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Stephen Moss

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About Stephen Moss

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    Stargunner
  • Birthday 12/20/1970

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    American Football, Golf, Electronics, Programming, Sci-Fi, Indoor Climbing

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  1. Sorry, I forgot to check but the connector are on a 0.1 inch (2.54mm) pitch.
  2. Take 5V and 0V from the appropriate ends of C39, that should be easily accessible. It is not quite as simple as that as you need to generate a 20V supply, see my fuller reply here.
  3. If you look at the schematic you will see that the power for the LCD/contrast circuit comes from a tap on the primary side of the transformer (Lynx 2) or secondary of the power module (Lynx 1) and that the supply voltage for that circuit at TP12 is 20V. Consequently although you could try powering it from 9V taken from D11 (Lynx 2 ) or D18? (Lynx 1) it may not work well, if at all, and so you would need to install a boost type switching regulator to convert 5V or 9V to 20V if you are set on removing the coil and patch it in to TP12. But why remove it when doing so will cause more problems than it is worth? I presume the power connection for the original backlight is provided via a connector (it is on the Lynx 2), thus with nothing plugged into that connector there and therefore nothing connected to the output of the transformer that would be drawing current, the difference in current consumption between leaving the transformer in over removing it it negligible.
  4. I presume it is for the forint panel button membrane in which case it is an FCC (Flexible Circuit Connector) type. Try searching of 14 way FCC connector, you should be able to get them from most large component suppliers. However you need to workout the pitch of the connections, usually the wider the pitch the bigger the connector so you could go on connector size but just measure the number of connections over a 1 or 2cm or 1 inch and divide to get the pitch on mm or inches. If I can I will post a pitch later.
  5. Unless a second identical serial number sticker was attached to the PCB during assembly any kind of identification number printed directly on the PCB it is likely to be a manufacturing batch number/date code added by the production house for quality control (i.e. recall a batch of faulty boards) and so an unknown number of boards would have the same number on them. So if you alone took that approach it would be OK and you may have a unique serial number, but if anyone else copies that approach then there could be multiple Lynx's out there with the same serial number.
  6. I think that may generally a better option than tinning with solder because unless you are good at soldering... a) It is can be difficult to get a good thin layer of solder and too think a layer or any lumps may over time result in bending or scratching of the contacts in the cartridge connector resulting in poor contact with those cartridges you have not "tinned" with solder. b) In trying to get a nice thin lump free layer of solder you risk heating up the card edge fingers to the point where they become unglued from the PCB. c) If you decant the ink from the pen into a small pot/jar/bottle cap and use a small paintbrush (i.e. for painting models) you should be able to apply the ink without having to take the cartridge apart as you would probably have to do if soldering/using a conductive ink pen to gain full access to entire area of the card edge finger contacts.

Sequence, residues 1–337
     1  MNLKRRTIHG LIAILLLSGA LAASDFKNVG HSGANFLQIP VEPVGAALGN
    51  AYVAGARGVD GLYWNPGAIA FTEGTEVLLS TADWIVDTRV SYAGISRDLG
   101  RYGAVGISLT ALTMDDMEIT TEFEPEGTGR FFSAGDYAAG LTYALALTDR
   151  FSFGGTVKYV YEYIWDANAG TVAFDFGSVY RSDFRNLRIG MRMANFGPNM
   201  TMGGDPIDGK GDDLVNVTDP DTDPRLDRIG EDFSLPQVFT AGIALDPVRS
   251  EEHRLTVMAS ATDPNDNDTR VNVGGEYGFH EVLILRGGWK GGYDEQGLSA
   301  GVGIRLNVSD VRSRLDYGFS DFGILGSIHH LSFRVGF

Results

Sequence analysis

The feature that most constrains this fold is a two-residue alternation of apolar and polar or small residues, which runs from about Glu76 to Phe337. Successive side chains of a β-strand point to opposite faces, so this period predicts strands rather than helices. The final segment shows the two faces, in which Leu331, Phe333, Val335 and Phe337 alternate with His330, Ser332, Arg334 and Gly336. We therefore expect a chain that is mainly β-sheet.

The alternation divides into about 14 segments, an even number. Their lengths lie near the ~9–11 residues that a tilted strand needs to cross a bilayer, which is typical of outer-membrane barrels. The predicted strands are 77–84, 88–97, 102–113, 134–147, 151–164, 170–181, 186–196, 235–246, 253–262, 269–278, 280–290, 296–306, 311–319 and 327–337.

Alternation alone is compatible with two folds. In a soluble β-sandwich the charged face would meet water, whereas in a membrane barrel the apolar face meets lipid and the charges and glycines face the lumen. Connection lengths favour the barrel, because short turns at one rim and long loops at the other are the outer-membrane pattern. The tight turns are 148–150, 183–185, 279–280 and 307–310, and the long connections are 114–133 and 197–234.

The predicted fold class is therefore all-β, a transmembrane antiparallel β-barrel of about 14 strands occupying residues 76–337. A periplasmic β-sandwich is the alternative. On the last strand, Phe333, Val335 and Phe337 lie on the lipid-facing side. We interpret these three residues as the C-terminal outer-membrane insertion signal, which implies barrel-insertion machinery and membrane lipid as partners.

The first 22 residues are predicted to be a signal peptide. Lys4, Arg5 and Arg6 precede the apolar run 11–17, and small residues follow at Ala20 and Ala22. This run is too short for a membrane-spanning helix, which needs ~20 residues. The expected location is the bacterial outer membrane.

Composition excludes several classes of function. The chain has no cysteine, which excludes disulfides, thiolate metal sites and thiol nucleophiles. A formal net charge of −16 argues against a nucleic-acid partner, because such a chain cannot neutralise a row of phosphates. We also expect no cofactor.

7. With the pins nearest to you and the tab furthest from you left to right is Input, GND, Output. For the voltage regulator to output 5V it needs an input of 8V or more, as the input voltage drops below 5V the output voltage is generally the same as the input. Therefore if you have 3.2V in and 0.2V out that suggests to me that you might have a short Circuit somewhere. I would suggest desoldering the output pin of the regulator and when certain there is no connection between it and the rest of power rail switch on and measure the output voltage, if is it 5V then your problem is after the regulator, if still at 0.2V then it is at or before the regulator.
  8. You could try 1000pF (1nF) but it may be a bit too far from the intended value to give the correct results... If you can get 470pF and 330pF then connect them in parallel to get 800pF, two 470 may be more cost effective as you often have to purchase them in at least a multiple of 5 but is a bit further off the desired value at 940pF. Alternatively if you can get a 1600pF (1.6nF) and a 1800pF (1.8nF) and wire them in series that will give 847pF.
  9. Are you getting snow/static of black screen? If the latter then if the voltages DrVenkman mentioned check out I suggest checking that the voltage on the RES (Reset) pins of the 6507 (pin 1) and the RIOT (pin 34) are 5V.
  10. When you say 7.7V on C41 was that measured directly across it or just at one end? Why measure the voltage across TP18 and TP19? I fail to see how that would be of any relevance. Same question as above regarding C41 voltage and did the Lynx power up as soon as a power source was connected